Selection based solely on financial need.
For a prospective UK Master's student from under-represented background enrolling on a participating programme . Selection based solely on financial need.
Further information about funding and scholarships can be found on the Scholarships and funding website.
The programme requires a minimum of a second-class Bachelor's degree from a UK university or an overseas qualification of an equivalent standard. An appropriate professional qualification is preferred. Applicants with relevant experience in an information or computing discipline will also be considered.
Select your country for equivalent alternative requirements
English language proficiency level: Good
How to apply
Applications for the Diploma or MA programmes must be submitted by 1 July 2014 in the year of entry, although late applications will be considered up to UCL's general application deadline in early August. Selected candidates will be invited to an interview, usually held between March and July.
Who can apply?
The programme is particularly suitable for those who wish to develop their computer-related management skills with a view to improving their employment opportunities in all areas of information management, library, records and archives work. It will also appeal to students interested in applying and managing technology effectively within andy information environments.
What are we looking for?
When we assess your application we would like to learn:
- why you want to study Information Science at graduate level
- why you want to study Information Science at UCL
- what particularly attracts you to this programme
- how your academic and professional background meets the demands of this programme
- where you would like to go professionally and/or academically with your degree
The MSc in Information Science prepares students for management roles in the information industries with an emphasis on technology: for example; information systems manager, systems librarian, web manager, information architect, knowledge manager, data manager, or indeed any information management role. Our graduates find work all over the world with electronic systems for managing, retrieving, distributing and archiving vast quantities of information. The programme is recognised and accredited by CILIP, the Chartered Institute of Library and Information Professionals, for professional qualifications purposes.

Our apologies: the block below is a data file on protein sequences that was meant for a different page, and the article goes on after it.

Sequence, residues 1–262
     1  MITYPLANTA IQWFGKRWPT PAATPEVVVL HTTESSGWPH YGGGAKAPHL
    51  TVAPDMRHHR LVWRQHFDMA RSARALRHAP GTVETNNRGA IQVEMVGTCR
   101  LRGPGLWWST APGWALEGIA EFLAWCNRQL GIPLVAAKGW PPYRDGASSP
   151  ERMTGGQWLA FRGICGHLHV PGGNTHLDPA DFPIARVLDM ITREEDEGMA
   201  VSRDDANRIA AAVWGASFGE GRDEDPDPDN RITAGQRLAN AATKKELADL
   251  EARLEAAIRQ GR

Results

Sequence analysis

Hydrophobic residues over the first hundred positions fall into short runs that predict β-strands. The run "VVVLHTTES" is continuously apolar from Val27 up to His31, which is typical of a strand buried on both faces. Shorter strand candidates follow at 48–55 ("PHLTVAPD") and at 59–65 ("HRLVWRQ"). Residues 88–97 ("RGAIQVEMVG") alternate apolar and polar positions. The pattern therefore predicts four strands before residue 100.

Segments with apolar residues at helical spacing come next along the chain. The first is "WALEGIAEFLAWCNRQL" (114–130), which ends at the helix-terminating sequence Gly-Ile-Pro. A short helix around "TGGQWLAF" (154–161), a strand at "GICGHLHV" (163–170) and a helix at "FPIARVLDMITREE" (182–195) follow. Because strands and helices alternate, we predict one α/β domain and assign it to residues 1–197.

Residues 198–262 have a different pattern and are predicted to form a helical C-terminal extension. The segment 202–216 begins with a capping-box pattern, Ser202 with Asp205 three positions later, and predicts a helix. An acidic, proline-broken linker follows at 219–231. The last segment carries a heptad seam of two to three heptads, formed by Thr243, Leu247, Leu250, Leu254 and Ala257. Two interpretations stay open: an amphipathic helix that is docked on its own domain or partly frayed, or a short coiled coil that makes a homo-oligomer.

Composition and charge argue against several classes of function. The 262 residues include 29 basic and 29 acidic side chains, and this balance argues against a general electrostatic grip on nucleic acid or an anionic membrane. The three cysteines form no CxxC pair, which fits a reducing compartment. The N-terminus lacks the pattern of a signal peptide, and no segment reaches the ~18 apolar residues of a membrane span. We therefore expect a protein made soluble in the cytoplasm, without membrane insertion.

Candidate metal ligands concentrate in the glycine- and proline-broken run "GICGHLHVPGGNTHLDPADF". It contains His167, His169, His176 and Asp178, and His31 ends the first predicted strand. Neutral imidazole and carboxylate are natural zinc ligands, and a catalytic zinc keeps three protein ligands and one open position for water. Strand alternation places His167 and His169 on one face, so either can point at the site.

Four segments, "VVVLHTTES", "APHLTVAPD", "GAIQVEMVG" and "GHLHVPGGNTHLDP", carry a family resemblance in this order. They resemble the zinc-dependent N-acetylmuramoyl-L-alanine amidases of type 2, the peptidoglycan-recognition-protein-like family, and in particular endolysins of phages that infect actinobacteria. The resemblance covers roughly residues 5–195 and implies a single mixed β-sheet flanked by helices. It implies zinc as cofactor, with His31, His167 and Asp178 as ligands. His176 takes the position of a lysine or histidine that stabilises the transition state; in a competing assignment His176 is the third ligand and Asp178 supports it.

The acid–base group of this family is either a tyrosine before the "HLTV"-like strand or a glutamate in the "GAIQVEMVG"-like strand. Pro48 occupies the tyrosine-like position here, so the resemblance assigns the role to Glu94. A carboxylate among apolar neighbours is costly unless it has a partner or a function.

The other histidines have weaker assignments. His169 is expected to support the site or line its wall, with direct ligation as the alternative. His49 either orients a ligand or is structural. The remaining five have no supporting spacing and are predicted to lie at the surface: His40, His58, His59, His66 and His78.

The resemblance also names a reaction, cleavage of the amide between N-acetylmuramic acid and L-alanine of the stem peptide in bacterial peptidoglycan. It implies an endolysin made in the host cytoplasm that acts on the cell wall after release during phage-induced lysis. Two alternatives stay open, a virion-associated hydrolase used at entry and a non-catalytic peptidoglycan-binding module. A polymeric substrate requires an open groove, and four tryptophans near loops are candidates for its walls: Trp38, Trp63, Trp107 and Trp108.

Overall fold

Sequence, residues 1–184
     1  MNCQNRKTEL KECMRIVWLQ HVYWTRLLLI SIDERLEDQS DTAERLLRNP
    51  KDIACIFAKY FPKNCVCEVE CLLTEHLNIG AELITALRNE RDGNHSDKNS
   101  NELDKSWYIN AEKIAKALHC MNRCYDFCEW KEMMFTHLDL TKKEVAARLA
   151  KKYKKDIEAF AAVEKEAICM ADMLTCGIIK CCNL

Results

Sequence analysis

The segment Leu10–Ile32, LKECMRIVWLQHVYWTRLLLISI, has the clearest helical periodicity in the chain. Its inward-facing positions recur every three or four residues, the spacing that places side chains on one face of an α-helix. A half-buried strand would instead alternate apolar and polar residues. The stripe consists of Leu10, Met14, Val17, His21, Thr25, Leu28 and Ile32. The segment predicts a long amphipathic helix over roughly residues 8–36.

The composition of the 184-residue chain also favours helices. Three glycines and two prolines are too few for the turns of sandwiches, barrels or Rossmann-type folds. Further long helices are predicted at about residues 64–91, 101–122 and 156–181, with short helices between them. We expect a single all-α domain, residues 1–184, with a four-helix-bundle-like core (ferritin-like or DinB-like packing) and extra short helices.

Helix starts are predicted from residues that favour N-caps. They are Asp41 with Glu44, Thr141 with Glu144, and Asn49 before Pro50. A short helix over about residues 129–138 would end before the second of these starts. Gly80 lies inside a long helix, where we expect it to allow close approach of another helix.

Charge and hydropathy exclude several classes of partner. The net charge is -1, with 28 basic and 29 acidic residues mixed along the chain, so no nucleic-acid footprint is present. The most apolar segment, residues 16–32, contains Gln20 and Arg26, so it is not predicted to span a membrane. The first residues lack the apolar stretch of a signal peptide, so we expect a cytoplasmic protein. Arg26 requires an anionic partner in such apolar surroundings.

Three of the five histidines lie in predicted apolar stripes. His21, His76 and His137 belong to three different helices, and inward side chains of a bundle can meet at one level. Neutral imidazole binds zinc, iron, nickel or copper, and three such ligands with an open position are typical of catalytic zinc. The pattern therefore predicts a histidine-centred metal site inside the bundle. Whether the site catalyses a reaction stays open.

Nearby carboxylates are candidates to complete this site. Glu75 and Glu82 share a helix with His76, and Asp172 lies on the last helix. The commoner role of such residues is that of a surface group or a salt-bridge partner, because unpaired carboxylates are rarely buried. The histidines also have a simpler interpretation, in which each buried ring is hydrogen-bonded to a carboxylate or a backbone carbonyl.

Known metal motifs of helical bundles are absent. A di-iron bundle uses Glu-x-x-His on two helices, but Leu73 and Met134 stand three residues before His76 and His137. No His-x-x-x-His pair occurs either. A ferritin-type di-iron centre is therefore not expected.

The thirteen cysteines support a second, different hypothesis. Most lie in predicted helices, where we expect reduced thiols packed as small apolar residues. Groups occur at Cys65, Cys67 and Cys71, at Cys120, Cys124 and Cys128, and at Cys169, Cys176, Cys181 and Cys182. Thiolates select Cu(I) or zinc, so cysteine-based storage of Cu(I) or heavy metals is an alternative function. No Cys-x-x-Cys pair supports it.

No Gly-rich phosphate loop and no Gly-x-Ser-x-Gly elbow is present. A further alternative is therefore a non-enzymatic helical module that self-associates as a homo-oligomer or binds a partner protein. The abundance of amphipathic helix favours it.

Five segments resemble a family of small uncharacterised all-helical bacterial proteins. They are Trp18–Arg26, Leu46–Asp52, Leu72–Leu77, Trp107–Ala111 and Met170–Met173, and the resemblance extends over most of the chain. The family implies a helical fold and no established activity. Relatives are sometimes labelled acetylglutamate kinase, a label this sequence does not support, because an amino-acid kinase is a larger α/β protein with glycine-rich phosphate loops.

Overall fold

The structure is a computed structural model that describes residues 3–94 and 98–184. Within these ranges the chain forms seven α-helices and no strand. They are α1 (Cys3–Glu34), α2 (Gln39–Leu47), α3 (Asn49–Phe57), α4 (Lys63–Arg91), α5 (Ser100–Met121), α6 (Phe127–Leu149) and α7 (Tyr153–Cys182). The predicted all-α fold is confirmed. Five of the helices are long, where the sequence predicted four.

Top career destinations for this programme
- Zurich Financial Services, Underwriter, 2011
- Chelsea & Westminster NHS Trust, Information Analyst, 2011
- Westminster Library, Librarian, 2011
- Help the Hospices, Intelligence Hub Officer, 2011
- UCL Library, Library Assistant, 2009
This programme challenges students to think more deeply about the implications of using information technology of all kinds in the workplace, and to consider better ways of designing, specifying, implementing and managing systems in order to promote organisational success. Understanding these issues and having the skills to develop and manage practical solutions equips our students to succeed individually and to help their organisations succeed. Our students achieve a high employability rate on graduating, and rise in organisations as their skills are recognised. Many past students now occupy senior positions in the information world in government, commerce, industry and academia.
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Professor John Mullan
Head of Department
Subject: English, Faculty: Arts and Humanities